YOUNG: Giuliani supports expanding energy production across the board: renewable energy as well as coal, nuclear and more domestic oil and gas production. His answer demonstrates a detailed knowledge of energy issues. But when it comes to how government should act, he’s a bit more vague.
GIULIANI: I don’t like mandates. I don_t think mandates generally work and I think mandates are somewhat inconsistent with the kind of economy and the kind of society that we have.
YOUNG: Giuliani’s top advisor on energy issues is John Herrington, who served as President Ronald Reagan’s energy secretary. Herrington says Giuliani would open new areas to oil drilling, including the Arctic National Wildlife Refuge, but realizes the country must develop new transportation fuels. And while Giuliani calls global warming a serious problem, Herrington says he rejects the remedy most advocates of climate action propose: a cap on carbon emissions.
HERRINGTON: Number one, it has not worked in Europe. Number two, you raise the price of energy to all consumers. So it’s better to address the issue not through some sort of regulatory environment. It’s better that we go to sources of energy that don’t have as much emissions, and that would be a nuclear power option.
YOUNG: Herrington says Giuliani’s goal would be to increase nuclear to become 25 percent of the country’s electricity mix. It’s currently about 20. All this leaves environmentalists, like Gene Karpinski of the League of Conservation Voters, lukewarm.
KARPINSKI: The good news is he acknowledges the fact that global warming is real and it’s at least in part being caused by humans. But the bad news is that he’s got no plan to solve it. That sounds a lot like George Bush. If you’re not for mandates, you’re not serious about solving the problem.
YOUNG: Karpinski also gets little encouragement from the company Giuliani has kept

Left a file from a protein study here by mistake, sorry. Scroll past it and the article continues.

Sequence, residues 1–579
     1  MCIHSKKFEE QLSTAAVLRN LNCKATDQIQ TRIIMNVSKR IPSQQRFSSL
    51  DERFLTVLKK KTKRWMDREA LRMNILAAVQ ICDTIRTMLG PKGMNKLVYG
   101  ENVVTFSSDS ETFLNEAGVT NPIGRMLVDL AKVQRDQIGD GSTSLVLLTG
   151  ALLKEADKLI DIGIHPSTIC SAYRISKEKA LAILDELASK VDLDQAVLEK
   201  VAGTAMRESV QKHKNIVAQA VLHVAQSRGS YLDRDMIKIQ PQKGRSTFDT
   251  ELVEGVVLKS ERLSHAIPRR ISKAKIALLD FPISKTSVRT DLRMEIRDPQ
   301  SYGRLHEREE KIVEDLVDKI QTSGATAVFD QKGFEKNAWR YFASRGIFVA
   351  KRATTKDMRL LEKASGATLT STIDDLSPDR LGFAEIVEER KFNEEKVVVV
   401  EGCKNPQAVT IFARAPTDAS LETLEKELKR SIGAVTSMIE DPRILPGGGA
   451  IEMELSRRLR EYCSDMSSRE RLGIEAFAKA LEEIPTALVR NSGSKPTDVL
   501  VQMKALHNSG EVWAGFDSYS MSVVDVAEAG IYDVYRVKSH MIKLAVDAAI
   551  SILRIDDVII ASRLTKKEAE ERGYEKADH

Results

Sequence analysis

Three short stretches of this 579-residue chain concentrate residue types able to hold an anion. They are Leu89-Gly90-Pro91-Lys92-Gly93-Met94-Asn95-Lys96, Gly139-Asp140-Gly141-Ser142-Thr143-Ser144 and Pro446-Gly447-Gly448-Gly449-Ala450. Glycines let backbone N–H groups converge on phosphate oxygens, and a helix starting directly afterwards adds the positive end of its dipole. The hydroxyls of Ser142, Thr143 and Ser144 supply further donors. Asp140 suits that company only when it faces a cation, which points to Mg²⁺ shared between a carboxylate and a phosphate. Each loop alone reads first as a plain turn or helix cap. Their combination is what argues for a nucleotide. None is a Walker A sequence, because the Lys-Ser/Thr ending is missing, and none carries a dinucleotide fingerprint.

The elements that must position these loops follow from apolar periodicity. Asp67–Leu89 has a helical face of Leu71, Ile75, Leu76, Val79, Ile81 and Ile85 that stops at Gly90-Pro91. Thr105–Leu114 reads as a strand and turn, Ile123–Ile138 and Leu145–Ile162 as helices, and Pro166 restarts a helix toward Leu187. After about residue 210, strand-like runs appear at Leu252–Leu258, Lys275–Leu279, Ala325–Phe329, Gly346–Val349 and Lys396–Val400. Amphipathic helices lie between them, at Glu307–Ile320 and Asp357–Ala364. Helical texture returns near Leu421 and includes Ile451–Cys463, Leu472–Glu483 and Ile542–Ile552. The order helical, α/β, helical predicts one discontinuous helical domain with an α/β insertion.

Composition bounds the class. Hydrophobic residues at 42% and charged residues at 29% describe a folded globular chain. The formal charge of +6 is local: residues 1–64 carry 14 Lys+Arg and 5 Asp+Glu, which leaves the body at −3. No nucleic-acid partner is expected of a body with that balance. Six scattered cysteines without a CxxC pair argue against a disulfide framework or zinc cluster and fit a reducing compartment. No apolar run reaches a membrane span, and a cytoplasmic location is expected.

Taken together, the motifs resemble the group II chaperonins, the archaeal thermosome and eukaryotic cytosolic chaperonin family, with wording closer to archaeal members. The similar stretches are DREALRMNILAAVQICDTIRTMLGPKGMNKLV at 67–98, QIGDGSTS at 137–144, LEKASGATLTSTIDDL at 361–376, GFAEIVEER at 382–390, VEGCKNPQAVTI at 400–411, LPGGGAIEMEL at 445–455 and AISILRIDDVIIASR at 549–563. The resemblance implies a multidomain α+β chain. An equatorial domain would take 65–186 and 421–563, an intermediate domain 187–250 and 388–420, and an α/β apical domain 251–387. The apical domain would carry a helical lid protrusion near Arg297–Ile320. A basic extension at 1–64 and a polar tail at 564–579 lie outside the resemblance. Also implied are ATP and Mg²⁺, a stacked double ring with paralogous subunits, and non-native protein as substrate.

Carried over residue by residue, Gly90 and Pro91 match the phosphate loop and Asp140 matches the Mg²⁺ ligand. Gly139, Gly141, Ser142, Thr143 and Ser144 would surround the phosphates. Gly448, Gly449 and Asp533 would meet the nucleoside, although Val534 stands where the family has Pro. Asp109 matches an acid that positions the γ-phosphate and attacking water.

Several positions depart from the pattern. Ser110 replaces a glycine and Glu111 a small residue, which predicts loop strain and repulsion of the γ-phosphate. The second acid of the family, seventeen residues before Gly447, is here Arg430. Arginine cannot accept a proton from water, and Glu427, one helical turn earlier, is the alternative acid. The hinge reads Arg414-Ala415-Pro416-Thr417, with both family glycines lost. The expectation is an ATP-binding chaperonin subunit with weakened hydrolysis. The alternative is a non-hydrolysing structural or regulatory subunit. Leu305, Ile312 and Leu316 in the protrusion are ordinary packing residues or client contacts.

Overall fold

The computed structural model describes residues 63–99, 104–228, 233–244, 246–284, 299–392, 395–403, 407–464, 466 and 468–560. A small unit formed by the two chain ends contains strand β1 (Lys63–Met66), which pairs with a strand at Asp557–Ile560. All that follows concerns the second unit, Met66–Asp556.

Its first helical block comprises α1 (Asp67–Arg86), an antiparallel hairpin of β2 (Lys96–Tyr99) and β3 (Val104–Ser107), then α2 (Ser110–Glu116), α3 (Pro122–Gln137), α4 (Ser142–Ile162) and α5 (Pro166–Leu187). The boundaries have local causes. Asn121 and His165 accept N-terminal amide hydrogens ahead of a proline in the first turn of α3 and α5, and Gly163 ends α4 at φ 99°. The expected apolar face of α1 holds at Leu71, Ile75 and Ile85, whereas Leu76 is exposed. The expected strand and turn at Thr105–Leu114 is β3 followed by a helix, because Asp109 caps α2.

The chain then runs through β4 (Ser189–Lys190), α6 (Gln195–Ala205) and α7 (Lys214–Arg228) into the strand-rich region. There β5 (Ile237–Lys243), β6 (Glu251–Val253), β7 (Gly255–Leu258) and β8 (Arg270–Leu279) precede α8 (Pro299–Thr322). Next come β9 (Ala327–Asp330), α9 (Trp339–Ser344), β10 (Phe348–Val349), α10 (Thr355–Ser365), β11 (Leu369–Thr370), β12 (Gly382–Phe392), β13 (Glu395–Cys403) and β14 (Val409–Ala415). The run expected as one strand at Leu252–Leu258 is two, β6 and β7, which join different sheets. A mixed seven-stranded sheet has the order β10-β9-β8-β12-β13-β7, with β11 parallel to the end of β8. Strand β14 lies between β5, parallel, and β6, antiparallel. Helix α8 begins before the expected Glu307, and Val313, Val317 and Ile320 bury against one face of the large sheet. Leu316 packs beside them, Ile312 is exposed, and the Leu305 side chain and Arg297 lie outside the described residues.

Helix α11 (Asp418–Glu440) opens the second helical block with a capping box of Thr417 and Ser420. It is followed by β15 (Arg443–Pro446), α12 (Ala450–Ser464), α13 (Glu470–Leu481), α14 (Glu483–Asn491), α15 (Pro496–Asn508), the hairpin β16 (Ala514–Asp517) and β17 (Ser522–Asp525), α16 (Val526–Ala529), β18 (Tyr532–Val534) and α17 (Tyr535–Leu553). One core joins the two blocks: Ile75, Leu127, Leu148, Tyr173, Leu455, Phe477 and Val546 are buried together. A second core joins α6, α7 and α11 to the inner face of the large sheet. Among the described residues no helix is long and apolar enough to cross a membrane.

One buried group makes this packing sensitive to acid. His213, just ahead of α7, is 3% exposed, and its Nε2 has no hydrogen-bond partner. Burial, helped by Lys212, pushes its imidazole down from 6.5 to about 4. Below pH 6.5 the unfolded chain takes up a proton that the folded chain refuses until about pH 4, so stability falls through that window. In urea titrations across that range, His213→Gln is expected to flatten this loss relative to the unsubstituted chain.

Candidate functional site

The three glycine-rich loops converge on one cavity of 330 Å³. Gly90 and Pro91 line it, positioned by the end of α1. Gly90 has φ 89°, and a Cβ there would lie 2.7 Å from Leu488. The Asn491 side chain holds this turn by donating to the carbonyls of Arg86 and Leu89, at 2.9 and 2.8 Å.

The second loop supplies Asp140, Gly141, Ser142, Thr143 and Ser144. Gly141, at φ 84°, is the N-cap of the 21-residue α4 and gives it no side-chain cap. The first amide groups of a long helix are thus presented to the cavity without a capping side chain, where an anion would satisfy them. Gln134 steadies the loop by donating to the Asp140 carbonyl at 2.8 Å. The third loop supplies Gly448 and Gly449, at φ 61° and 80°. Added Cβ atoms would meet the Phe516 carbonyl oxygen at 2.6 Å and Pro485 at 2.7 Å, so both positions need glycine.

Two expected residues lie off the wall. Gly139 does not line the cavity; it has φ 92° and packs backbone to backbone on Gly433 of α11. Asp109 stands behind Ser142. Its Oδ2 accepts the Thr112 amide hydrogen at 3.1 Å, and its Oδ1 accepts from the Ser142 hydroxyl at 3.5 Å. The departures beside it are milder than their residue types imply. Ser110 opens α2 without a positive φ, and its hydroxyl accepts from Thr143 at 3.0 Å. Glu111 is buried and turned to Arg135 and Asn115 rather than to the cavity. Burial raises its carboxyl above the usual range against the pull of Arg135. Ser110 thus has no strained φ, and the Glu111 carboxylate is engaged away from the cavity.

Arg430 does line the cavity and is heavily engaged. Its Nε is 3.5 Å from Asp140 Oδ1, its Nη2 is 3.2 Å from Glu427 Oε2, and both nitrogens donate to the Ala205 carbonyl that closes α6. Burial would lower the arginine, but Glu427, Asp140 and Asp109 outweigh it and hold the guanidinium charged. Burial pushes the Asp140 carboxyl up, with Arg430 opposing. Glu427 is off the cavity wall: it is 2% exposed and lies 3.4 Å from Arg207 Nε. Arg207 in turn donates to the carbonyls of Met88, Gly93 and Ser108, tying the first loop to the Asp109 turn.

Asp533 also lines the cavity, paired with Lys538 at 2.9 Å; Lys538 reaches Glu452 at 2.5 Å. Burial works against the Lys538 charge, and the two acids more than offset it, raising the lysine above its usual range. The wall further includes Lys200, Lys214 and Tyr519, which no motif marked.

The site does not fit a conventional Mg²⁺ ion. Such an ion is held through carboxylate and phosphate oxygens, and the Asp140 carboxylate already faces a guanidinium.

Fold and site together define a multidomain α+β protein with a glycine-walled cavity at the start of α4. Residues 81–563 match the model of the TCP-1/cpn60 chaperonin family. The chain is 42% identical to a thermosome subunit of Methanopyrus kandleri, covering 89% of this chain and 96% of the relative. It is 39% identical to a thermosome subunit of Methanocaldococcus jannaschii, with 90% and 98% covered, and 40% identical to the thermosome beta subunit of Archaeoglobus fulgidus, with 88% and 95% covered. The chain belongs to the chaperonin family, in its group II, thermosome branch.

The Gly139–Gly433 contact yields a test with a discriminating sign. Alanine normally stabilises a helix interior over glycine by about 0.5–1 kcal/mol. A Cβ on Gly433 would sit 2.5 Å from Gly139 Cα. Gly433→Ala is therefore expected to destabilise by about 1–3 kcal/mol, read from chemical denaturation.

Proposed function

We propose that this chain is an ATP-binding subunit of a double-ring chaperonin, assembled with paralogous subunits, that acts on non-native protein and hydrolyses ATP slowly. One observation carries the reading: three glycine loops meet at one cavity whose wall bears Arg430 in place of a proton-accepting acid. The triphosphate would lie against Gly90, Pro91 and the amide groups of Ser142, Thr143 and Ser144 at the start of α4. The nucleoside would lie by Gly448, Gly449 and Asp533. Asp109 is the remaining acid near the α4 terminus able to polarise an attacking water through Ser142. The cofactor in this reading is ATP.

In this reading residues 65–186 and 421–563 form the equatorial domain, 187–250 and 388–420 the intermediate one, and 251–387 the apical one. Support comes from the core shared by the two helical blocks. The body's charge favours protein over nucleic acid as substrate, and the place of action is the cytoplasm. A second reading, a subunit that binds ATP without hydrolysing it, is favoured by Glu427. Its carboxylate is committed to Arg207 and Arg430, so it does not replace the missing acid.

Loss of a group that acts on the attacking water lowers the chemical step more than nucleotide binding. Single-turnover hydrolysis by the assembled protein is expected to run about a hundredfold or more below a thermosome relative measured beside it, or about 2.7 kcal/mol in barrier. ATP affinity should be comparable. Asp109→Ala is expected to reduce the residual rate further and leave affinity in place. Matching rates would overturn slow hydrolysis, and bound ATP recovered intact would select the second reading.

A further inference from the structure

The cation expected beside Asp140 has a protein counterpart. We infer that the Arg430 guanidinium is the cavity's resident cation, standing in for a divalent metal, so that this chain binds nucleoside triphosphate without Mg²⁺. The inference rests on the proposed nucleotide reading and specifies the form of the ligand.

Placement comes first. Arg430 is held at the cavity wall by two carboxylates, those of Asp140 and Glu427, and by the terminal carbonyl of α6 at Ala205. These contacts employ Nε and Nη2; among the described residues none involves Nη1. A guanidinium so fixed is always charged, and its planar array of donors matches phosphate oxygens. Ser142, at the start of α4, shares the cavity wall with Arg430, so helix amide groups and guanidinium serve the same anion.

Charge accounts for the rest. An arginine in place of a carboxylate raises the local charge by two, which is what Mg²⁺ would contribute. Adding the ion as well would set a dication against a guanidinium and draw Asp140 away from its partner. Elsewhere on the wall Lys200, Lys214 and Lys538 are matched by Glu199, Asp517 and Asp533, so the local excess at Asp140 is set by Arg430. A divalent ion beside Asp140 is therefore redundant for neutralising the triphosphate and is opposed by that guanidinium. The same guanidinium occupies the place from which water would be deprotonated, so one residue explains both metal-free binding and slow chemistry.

since leaving the Mayor’s office.
KARPINSKI: One is that he’s got the largest contributions by far from the oil and gas industry this year. Secondly, the firm that he’s associated with is one of the most anti-environmental firms in Washington, D.C.
YOUNG; That law firm is Bracewell and Giuliani. It does lobbying and legal work for some of the nation’s biggest polluters, including coal burning power plants, oil refineries, and, in one case, even the Saudi Arabian oil ministry. Their lobbyists are omnipresent and outspoken at Washington environmental events. When the U.S. Supreme Court heard a global warming case, Bracewell and Giuliani lawyer Scott Segal took to the courthouse steps to defend the Bush administration’s inaction on climate change.
SEGAL: EPA was correct not to regulate. Adopting unilateral, mandatory carbon caps is the wrong way to go.
YOUNG: But Segal is uncharacteristically silent on Mr. Giuliani’s work at the firm. He says the Giuliani campaign calls the shots on such interview requests. The campaign did not respond.
Meanwhile, many of the firm’s partners, employees and influential clients add big money to the Giuliani campaign. At least two of the firm’s employees are now among Giuliani’s cash bundlers—people who round up more contributors for the campaign ahead.
For Living on Earth, I’m Jeff Young in Washington.